- Prepare cases and appear as a professional witness in court;
- Exercise sound judgment in the use of firearms and conduct training, qualification exercises, or courses in the proper care and use of firearms;
- Deal effectively with individuals or groups of persons in a courteous and tactful manner in their detention, control, or interrogation, and work to promote effective community-outreach programs and public relations;
- Analyze and disseminate intelligence information and data rapidly and apply practical knowledge of the laws, concepts, operational practices, and law enforcement methods and techniques in order to independently perform duties typically encountered in law enforcement;
- Develop and maintain contact with a network of informants, social and political organizations, state and local enforcement agencies, and private citizens to ensure continuity of enforcement work and to carry out enforcement responsibilities;
- Use a variety of law enforcement databases and information retrieval systems, such as TECS, NCIC, and NEXUS;
- Prepare reports and write other documents that deal with the collection, protection, and recording of evidence; and the presentation of testimony; and retain informational materials concerning illegal activities and practices encountered during daily activities.
Education may not be used to qualify for the GL-9 level.
The standard requires that the person be medically and physically capable of performing the essential job functions and duties of the position safely and efficiently without aggravating existing health problems or endangering national security or the health and safety of the individual or others. The individual must be free of any impairment(s) and free of any existing health problem(s) that would be aggravated in response to the work environment or that would affect the safe and efficient performance of the position's duties.
- Distant vision acuity - must be equal to or better than 20/100 in each eye without correction, i.e., without eye glasses or contact lenses
- Corrected distance vision must be 20/20
- Monocular vision is generally disqualifying
- Peripheral vision must be normal
- Depth perception must be equal to or better than 70 seconds of arc
- Color vision - must demonstrate normal color vision, without the use of an x-chromatic lens or any other artificial device
- Refractive surgery/LASIK - free from significant untoward side effects of surgery, e.g., glare, contrast sensitivity
- Must have hearing in both ears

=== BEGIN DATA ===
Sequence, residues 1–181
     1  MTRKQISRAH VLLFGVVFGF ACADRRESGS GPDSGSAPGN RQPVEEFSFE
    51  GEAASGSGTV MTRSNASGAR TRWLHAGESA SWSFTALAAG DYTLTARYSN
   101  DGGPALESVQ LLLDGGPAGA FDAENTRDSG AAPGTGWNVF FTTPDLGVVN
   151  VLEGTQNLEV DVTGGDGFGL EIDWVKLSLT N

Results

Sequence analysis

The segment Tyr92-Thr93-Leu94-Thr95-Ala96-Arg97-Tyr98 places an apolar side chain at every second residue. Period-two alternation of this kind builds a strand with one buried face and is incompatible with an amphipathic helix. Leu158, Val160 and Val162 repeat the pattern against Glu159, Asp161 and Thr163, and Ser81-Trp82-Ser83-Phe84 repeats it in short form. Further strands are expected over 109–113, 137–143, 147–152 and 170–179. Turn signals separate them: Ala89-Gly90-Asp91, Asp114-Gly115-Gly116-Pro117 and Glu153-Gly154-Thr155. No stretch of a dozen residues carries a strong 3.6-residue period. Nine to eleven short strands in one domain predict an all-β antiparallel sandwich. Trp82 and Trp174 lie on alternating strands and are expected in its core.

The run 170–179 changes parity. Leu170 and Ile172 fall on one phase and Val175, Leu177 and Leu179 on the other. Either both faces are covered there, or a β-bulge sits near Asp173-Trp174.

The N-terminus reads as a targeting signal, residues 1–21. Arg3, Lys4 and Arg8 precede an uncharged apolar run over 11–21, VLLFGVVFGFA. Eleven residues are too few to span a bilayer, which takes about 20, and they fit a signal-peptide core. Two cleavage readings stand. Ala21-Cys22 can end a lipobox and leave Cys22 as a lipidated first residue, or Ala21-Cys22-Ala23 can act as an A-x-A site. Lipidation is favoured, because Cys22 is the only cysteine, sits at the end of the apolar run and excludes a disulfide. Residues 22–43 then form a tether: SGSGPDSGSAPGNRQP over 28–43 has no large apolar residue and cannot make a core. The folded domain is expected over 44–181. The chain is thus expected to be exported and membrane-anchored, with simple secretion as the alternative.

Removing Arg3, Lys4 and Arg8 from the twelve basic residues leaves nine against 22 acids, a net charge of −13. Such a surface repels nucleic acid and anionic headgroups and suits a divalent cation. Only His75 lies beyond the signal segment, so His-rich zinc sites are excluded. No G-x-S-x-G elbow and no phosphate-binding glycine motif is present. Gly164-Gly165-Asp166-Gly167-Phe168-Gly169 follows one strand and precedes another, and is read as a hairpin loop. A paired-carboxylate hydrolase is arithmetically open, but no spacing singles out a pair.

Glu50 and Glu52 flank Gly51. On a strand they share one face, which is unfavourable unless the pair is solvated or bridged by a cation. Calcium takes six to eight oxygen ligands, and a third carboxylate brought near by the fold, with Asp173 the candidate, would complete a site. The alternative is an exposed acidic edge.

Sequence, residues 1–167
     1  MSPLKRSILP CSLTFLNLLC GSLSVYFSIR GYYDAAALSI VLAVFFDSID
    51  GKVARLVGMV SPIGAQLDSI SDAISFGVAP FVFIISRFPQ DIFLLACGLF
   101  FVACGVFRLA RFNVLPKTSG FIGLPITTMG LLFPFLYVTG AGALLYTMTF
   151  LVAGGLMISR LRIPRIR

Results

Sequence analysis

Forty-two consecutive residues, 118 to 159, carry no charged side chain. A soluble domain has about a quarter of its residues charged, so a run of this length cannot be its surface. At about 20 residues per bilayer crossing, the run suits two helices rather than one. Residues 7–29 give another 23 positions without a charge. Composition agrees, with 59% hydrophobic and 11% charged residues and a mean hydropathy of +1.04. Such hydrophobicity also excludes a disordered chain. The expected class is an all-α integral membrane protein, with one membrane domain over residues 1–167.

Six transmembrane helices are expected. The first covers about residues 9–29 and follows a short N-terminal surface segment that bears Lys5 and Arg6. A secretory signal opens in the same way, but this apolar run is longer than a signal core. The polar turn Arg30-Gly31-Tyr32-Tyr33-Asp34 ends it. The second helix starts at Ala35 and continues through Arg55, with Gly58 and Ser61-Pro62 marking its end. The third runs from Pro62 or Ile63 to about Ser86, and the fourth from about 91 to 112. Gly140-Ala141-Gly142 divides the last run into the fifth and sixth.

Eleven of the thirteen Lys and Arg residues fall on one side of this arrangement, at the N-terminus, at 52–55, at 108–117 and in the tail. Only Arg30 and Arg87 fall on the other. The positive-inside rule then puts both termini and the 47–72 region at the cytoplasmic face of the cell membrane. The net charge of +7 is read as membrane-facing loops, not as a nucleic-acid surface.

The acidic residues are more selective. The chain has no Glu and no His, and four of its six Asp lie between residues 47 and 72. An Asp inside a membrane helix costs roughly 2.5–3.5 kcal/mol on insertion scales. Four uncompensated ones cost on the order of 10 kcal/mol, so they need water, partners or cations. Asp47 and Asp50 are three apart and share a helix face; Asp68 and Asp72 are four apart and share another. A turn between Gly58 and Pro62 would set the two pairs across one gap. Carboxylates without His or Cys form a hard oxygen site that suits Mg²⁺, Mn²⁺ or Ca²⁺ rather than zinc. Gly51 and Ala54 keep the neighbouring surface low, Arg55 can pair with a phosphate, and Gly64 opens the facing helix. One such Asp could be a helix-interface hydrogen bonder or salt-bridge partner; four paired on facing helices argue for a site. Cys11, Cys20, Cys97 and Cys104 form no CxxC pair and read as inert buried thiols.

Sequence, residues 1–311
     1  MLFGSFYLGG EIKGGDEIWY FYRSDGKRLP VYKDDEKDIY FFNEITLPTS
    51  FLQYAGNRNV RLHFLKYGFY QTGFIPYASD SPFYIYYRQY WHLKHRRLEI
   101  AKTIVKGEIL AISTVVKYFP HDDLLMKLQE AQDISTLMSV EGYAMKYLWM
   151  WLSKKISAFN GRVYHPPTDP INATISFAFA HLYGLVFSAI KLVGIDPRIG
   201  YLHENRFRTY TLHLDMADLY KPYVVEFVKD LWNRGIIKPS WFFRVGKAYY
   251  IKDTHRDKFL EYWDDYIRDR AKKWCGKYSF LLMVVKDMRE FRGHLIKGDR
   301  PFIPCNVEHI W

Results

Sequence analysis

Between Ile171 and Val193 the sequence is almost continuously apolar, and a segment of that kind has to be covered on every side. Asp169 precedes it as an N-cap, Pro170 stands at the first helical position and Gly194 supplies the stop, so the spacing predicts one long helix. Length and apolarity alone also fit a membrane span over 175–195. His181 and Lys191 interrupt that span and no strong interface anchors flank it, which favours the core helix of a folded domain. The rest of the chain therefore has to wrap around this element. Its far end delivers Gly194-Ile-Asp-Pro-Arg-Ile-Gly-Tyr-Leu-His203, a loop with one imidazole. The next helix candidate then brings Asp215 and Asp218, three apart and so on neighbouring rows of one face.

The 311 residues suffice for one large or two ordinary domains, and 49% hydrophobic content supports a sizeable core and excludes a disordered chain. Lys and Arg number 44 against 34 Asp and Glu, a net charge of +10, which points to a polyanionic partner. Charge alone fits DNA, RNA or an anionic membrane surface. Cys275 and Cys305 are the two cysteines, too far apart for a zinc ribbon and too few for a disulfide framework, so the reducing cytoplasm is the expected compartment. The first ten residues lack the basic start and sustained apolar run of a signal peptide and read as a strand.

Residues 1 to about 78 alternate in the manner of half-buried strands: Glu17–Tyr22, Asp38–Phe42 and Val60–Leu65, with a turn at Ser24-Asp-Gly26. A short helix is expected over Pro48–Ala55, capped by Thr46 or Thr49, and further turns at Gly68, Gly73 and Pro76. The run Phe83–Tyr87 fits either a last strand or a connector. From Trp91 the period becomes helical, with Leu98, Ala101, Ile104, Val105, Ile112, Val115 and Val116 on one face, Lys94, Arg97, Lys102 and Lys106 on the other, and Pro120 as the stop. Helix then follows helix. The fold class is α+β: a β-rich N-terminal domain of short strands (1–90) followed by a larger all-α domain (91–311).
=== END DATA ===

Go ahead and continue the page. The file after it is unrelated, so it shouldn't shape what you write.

- In the frequency range of 500-2000 Hz, the deficit should not exceed 30 decibels in either ear
- At 3000 Hz, the deficit should not exceed 40 decibels in either ear
- Standards must be met without the use of a hearing aid during testing
After tentative selection, candidates must undergo a pre-employment medical examination and be found to be medically qualified to perform the position's full range of duties safely and efficiently. Any disease or condition that may potentially interfere with the safe and efficient performance of the job's duties or training may constitute grounds for medical disqualification. Individualized assessments of each person's medical history, current condition, and medical qualifications will be made on a case-by-case basis. Final consideration and medical determination may require additional information and/or testing. If medical information is recommended beyond that provided by the pre-placement examination, it is provided at the expense of the tentative selectee.
You must be willing to:
- Undergo an extensive background investigation.
- Meet with a Border Patrol oral interview panel and successfully pass the oral examination.
- Accept appointments at any location on the southwest border of the United States.
- Work rotating shifts, including many at night.
- Work long and irregular hours, including weekends and holidays.
- Work alone.
- Learn the Spanish language.
- Adhere to grooming and dress standards.
- Carry, maintain, and use a firearm.
- Work under hazardous conditions such as inclement weather, rough terrain, heights, moving trains, high-speed chases, and armed encounters.
- Operate a variety of motor vehicles.
- Submit to a physical examination, fitness testing, and drug testing.
- Fly as a passenger/observer in various types of aircraft.
- Maintain composure and self-control under extremely stressful conditions.
- Bear initial travel and uniform costs (a $500 uniform allowance is provided after entrance on duty).
- Undergo intensive physical and academic training, which includes a 12-week study of study at the CBP Border Patrol Academy, and subsequent training throughout the year.
- Work on operational details away from home for extended periods of 35 days or more.
Reasonable Accommodation: Reasonable accommodations will be made for applicants with disabilities. If you need a reasonable accommodations will be made for any part of the hiring process, please notify the servicing personnel office. The decision on granting reasonable accommodation will be rendered on a case-by-case basis.